I’d wager that tourists tend to carry more cash than locals because they might not trust the exchange rate that their bank will give them on their debit or credit card, so they get a bunch of cash out when they come over all at once and use it to buy stuff. They then end up carrying around change, which is what buskers want.

They’re also more likely to be entertained by buskers. Locals who commute daily on the network see the same faces and hear the same songs over and over, so they’re often not too impressed (fair enough). Tourists, however, are excited by London’s musical heritage and feel that busking and musical street performance are a big part of it (and they’d be right). So to a tourist, contributing to a street performer’s ability to continue doing what they do is part of the experience of visiting London.

Do you earn much?

In the grand scheme of things, no. I do this part-time, and so I don’t take it quite as seriously as people for whom busking is a primary income source. But relatively speaking, the “wage” for busking can be quite good. I keep track of exactly how much I earn for each session, and thus work out what the equivalent rate per hour is.

The highest “per hour” session I’ve ever done is £22.06. For a 37.5hr week, that would work out to a salary of £32k per annum. Not bad. But on the other hand, playing music solidly for 37.5 hours per week is not feasible. If I were to earn this salary as a busker, the income per session would need to be higher so I could pay for non-earning activities of practicing new songs, writing new material, finding pitches to play at and, frankly, giving my fingers and vocal chords a rest.

One of my busking goals is to earn £100 for a single two-hour session. I’m a long way off, but I know it’s doable. Some buskers I’ve spoken to say that this is not unusual for them.

Which pitches that you’ve played have the best acoustics?

I like places where the sound echoes and carries far, so people can hear your music as they come up or down escalators, and have more time to get into a song.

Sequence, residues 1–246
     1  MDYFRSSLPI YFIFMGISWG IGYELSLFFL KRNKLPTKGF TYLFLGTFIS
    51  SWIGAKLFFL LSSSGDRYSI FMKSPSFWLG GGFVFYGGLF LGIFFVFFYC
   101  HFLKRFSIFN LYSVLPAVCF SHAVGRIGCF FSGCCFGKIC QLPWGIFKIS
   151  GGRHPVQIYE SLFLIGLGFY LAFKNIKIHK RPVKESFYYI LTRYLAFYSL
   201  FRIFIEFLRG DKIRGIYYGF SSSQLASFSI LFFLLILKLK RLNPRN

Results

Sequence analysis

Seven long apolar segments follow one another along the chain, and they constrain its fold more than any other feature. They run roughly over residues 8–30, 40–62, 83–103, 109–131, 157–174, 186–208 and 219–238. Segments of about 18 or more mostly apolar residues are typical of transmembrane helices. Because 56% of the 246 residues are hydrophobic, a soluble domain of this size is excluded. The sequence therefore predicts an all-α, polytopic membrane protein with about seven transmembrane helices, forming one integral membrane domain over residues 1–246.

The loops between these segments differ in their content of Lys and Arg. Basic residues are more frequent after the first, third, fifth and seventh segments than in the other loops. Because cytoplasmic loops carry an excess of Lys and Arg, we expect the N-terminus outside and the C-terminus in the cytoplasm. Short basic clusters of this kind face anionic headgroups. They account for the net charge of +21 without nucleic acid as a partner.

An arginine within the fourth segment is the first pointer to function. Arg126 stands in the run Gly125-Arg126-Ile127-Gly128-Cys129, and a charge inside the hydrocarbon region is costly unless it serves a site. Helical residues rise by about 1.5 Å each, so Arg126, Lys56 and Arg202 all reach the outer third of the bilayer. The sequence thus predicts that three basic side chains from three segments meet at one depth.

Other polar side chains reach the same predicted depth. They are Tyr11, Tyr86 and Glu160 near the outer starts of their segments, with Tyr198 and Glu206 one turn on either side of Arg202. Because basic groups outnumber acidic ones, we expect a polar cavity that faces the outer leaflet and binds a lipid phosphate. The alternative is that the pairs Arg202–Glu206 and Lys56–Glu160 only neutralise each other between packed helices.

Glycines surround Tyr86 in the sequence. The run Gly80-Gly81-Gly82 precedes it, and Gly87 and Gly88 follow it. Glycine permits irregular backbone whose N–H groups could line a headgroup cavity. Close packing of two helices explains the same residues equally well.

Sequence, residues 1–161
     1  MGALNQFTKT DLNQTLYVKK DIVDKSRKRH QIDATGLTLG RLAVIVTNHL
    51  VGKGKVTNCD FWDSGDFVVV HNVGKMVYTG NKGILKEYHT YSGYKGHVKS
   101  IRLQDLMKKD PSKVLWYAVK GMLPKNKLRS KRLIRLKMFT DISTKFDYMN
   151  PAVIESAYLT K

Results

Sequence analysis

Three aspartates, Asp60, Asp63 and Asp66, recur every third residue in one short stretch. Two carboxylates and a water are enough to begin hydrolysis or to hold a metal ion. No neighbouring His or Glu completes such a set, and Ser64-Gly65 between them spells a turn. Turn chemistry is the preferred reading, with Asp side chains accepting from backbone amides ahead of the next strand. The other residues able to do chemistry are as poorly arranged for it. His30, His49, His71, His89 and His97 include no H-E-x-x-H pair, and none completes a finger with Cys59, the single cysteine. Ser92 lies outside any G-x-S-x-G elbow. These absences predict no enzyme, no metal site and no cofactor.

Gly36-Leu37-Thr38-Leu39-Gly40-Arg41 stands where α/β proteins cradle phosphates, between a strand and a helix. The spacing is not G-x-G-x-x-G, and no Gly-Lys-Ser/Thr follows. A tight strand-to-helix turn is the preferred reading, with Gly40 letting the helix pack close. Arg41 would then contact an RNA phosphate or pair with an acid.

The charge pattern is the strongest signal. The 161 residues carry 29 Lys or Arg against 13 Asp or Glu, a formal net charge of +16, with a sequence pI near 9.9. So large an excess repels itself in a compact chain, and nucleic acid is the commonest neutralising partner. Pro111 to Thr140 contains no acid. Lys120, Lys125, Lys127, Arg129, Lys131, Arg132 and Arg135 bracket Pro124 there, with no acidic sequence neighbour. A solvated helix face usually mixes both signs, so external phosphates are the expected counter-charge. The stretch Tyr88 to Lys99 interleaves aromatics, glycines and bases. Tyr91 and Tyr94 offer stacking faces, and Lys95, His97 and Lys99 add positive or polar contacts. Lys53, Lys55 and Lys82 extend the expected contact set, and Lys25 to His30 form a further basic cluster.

Southwark is great, because there’s a huge hall and most of the foot traffic is nowhere near the pitch so it carries very far. That comes at a price though - less chance of a super-passive lazy tip.

Chancery Lane is also good because it’s got a lot of wind coming from the train tunnels. Although this can be difficult to perform in because you have to make sure your gear doesn’t fall over/fly away, the sound gets carried right up a very long escalator up to the gates.

Westminster is particularly difficult, because one of the pitches is in a very small, narrow, curved corridor. When it’s busy, you’re really battling for your sound to carry.

Are there sockets for plugging in an amp, or does everything need it’s own power?

As far as I know, there aren’t any pitches with sockets. I’ve never seen one, anyway. It’s quite easy to find a battery-powered amplifier, thankfully.

Could two buskers share a pitch and perform together?

I don’t know! You’d probably have to ask permission first but it’d probably be okay. Your licence is basically valid based on the idea that your act is more-or-less what you auditioned with, so if you suddenly add another element to it which shakes it up it might be considered a breach of the rules. I can tell you confidently that bringing in another person who doesn’t have a licence would not be allowed, though.

Do you do this full time?

Nope! During the day, I work for the design software startup, Marvel.

Some nice stuff people have said

A note left in my guitar case